• 18 Ian Carriere July 12, 2013 at 4:59 pm

      To add to my point, they are 8 games below .500 vs. AL East opponents (17-25). This stat is far more detrimental than having a tougher schedule compared to other AL East teams when it comes to games outside divisonal play.

      Divisional play is where you can quickly make up ground with a few sweeps, and the Jays have played poorly vs the Sox, Yankees and Rays. Following the 11 game win streak, they were 3-8 vs the Sox, Rays and Tigers. They’ve played decently outside their division where it’s tougher to make up ground, but in situations where they essentially need to win a series against Tampa & Boston (after 11 game win streak), they lose both series’, going 2-5. That 2-5 stretch against divisional rivals after the 11 game win streak nearly erased the ground gained over the 11 game win streak. Divisional games are so much more important that games outside your division, and they Jays aren’t great against teams in their division.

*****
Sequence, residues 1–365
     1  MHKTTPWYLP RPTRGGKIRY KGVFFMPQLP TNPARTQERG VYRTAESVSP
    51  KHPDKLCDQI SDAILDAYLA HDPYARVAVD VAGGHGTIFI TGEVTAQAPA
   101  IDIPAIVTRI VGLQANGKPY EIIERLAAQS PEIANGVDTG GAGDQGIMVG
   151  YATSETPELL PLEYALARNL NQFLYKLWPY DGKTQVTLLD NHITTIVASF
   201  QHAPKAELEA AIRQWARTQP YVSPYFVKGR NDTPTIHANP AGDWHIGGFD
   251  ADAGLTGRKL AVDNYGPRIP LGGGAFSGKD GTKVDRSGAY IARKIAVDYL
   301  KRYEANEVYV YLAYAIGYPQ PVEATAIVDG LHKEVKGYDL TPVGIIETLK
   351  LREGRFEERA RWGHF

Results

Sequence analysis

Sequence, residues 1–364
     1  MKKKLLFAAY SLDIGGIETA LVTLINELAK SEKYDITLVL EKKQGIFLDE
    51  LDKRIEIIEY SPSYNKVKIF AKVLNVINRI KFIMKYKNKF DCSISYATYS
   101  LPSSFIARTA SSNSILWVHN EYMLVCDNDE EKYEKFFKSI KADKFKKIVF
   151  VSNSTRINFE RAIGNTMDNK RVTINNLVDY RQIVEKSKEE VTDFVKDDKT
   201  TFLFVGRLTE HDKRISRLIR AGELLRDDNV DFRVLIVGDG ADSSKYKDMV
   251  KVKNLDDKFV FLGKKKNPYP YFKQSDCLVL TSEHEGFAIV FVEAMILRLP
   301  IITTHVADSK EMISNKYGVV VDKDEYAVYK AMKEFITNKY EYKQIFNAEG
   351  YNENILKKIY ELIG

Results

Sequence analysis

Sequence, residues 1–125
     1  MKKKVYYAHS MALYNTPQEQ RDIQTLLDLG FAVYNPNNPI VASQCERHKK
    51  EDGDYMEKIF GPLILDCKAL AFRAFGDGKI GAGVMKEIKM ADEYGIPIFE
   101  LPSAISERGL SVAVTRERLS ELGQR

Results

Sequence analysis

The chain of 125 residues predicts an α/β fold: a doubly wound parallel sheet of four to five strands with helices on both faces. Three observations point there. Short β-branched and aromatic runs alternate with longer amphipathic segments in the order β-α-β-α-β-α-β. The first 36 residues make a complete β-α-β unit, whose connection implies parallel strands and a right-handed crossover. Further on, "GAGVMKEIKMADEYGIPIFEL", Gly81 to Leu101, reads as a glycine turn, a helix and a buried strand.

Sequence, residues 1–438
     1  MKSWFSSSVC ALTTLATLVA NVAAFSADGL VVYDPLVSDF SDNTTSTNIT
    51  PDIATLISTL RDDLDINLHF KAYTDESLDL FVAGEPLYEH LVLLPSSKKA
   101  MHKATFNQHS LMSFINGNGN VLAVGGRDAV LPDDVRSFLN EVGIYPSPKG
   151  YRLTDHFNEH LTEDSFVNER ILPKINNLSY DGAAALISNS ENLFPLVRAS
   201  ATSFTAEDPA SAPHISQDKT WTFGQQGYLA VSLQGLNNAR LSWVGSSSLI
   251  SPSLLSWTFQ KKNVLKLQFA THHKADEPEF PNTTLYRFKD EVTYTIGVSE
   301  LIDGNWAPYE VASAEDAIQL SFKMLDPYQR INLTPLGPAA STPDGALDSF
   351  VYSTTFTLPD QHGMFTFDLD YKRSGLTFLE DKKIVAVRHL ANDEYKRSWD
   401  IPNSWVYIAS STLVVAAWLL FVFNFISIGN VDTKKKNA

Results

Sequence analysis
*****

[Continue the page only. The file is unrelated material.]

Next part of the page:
The other thing the Jays have blown are 1-run games. They are 10-16 in them. Another stat that paints a pretty good picture of the Jays season. Good teams will find ways to come out ontop of 1-run games.

    • 19 Wes Kepstro July 12, 2013 at 11:53 pm

      The flaw with the tough schedule argument, of course, is how could the schedule makers have known how good or bad any of their opponents would be before the season began? as I mentioned to another poster above, it’s not meant to be a strong argument, so much as it’s meant to be explanatory. They still have to play the games and win the games. And, as you say, good teams win close games more often than not.